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Christmas Mourning

My personal experience of Christmas Mourning began very early in my life when my older brother, Billy, died on Oct. 4, 1943, three months before his 8th birthday. His birthday was Christmas Eve, which made his loss even more poignant at Christmas time.

After Billy’s death, my mother decided to remember him in two special ways. Before Christmas Eve, with the help of my mother and siblings, we would make a spray of greenery with pinecones, a red bow, and some small child’s Christmas ornament on it. Then on Christmas Eve, in the afternoon we would take this spray of greenery to the cemetery, place it on Billy’s grave, say a prayer for him and tell him we loved him and would miss him when we went home to share Christmas presents together. Also, because Billy loved birthday cakes, my mother would make Billy’s favorite birthday cake on his Christmas Eve birthday, which we would enjoy as part of our family dinner that evening.

Some 76 years later, I carefully cut and collected greenery from the pine trees in my sister-in-law’s backyard in Valparaiso, Ind., a few weeks ago, to which I will again add pinecones collected from trees at Saint Mary-of-the-Woods, a handmade red bow, and a small child’s ornament. In mid-December, I will travel to the cemetery in Dayton, Ohio, where Billy and four other family members have now been buried. This time, I will place the spray of greenery I have made in front of the monument that bears the Kramer family name. I will also take the time to silently pray for my brother Billy, but also my father, mother, brother George and his daughter Susan, who are all buried in this family plot. I will also quietly stand at their graves and remember something special about each of these deceased loved ones and assure them that they are still remembered and loved.

This year, I will have been an active participant in the creation and placement of this decorated Christmas spray of greenery at the cemetery in Dayton for 70 of the 76 years since my brother Billy died in 1943. This mindful practice of Christmas Mourning has always been a source of healing for me over the years. And it has not only been a very comforting way to express my belief that “in death, life is changed, not ended,” (Corinthians 15:51), but also continues to deepen my enduring bond with those I love who are now with God.

I believe that the holidays can be a difficult time for anyone who is grieving the loss of a loved one because holidays are traditionally times when families get together and celebrate their own traditions which can intensify the sense of loss of family members who are no longer alive and able to be part of the family holiday traditions. Often, holiday memories associated with deceased loved ones, who either died recently or a long time ago, will trigger a person’s grief or sense of loss. So for me, the challenge for myself or any grieving person at holiday time is not to deny the loss of a loved one, but rather to acknowledge the loss and make good choices to not only honor the deceased person’s memory but also to determine which holiday traditions we wish to continue and which holiday traditions we wish to change or let go of in some way.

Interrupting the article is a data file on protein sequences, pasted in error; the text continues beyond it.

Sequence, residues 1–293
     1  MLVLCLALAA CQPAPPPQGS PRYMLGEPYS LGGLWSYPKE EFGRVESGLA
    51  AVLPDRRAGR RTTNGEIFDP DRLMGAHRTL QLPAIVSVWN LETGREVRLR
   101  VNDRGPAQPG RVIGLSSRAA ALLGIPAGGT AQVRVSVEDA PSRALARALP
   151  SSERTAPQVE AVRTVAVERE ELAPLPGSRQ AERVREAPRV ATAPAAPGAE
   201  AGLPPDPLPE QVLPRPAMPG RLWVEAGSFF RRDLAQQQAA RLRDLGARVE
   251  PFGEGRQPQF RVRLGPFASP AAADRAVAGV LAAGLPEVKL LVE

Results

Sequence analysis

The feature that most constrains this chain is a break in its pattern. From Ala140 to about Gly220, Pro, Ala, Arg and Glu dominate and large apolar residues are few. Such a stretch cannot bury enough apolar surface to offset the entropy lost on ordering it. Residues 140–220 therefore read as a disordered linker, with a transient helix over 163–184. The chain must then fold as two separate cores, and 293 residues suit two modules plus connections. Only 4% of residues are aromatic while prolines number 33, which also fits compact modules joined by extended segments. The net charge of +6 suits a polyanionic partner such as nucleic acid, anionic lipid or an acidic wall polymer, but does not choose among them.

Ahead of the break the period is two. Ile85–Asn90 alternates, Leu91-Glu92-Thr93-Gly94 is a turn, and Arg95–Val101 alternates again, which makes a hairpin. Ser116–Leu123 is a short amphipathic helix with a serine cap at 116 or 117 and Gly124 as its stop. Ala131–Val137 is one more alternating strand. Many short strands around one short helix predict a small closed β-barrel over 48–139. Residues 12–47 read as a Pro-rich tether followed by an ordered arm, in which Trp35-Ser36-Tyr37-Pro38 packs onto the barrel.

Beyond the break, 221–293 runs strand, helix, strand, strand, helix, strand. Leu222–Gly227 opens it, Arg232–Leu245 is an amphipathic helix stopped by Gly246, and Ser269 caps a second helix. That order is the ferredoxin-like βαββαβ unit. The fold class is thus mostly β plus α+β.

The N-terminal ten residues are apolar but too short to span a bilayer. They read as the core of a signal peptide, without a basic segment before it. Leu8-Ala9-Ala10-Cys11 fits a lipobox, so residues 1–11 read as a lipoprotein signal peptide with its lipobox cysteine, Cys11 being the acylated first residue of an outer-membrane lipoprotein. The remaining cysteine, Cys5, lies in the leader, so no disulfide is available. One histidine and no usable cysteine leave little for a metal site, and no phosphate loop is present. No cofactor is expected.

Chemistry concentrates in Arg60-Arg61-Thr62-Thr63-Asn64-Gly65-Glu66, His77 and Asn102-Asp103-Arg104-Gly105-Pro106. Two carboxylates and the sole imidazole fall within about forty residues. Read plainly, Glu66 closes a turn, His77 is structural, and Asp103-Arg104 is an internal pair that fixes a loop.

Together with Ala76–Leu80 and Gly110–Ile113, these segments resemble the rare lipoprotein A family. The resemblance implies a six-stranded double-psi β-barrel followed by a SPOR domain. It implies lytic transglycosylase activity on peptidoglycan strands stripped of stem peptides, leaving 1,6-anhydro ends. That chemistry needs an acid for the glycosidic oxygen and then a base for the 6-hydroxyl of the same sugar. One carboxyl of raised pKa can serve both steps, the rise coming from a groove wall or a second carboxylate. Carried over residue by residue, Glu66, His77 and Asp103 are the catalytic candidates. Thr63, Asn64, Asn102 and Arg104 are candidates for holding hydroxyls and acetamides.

It is when I have done this kind of reflection and made life-giving decisions that I have allowed grief to be my teacher. Because my sister Anne died last summer and I had joined her family for Christmas for the past 17 years, I have again begun to let grief be my teacher at this holiday time. So now in prayer, I have been asking God to help me discern not only how best to honor my deceased sister Anne’s memory, but also to decide what changes I will make in my holiday plans, including which family holiday traditions I will continue to participate in this Christmas.

And whenever I think about “Christmas Mourning,” I will always be grateful to my mother who chose two special ways to remember my brother Billy at Christmas time after his death. She taught me not to deny  the death of family members at holiday time, but also to figure out meaningful ways to honor their memory and develop the enduring bond that we can have with our loved ones who have died and are now with God. As a Christmas card published by One Caring Place at Abbey Press Publications says so well: “To remember a departed loved one at Christmas … is to remember love and to know that love never ends.”

Note: If you would like to read or print out a copy of “Prayer for the Faces of our Grief” click here or read an article about Grieving Gracefully, click here. Both were written by Sister Connie Kramer.

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Sister Connie Kramer

Sister Connie Kramer is a Sister of Providence who ministers in Indianapolis and at Saint Mary-of-the-Woods as a Spiritual Director/Retreat Director and Grief Specialist. She also provides consultation for parishes involved in mergers within the Archdiocese of Indianapolis.

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3 Comments

  1. Mary Carroll Blocher on December 9, 2019 at 10:15 am

    Beautiful reflection. What lovely ways to remember our loved ones after they’ve gone.

  2. Kathy on December 9, 2019 at 11:16 am

    I’ve just read your reflection, Connie…beautiful.
    Kathy

  3. Rita Kay Edwards on December 11, 2019 at 10:18 am

    Thank you, Sr Connie. As I sat on that bench in a cool March fog, I too was mourning. Peace washed over me as I reflected on those who walked the holy grounds of the Woods before me.

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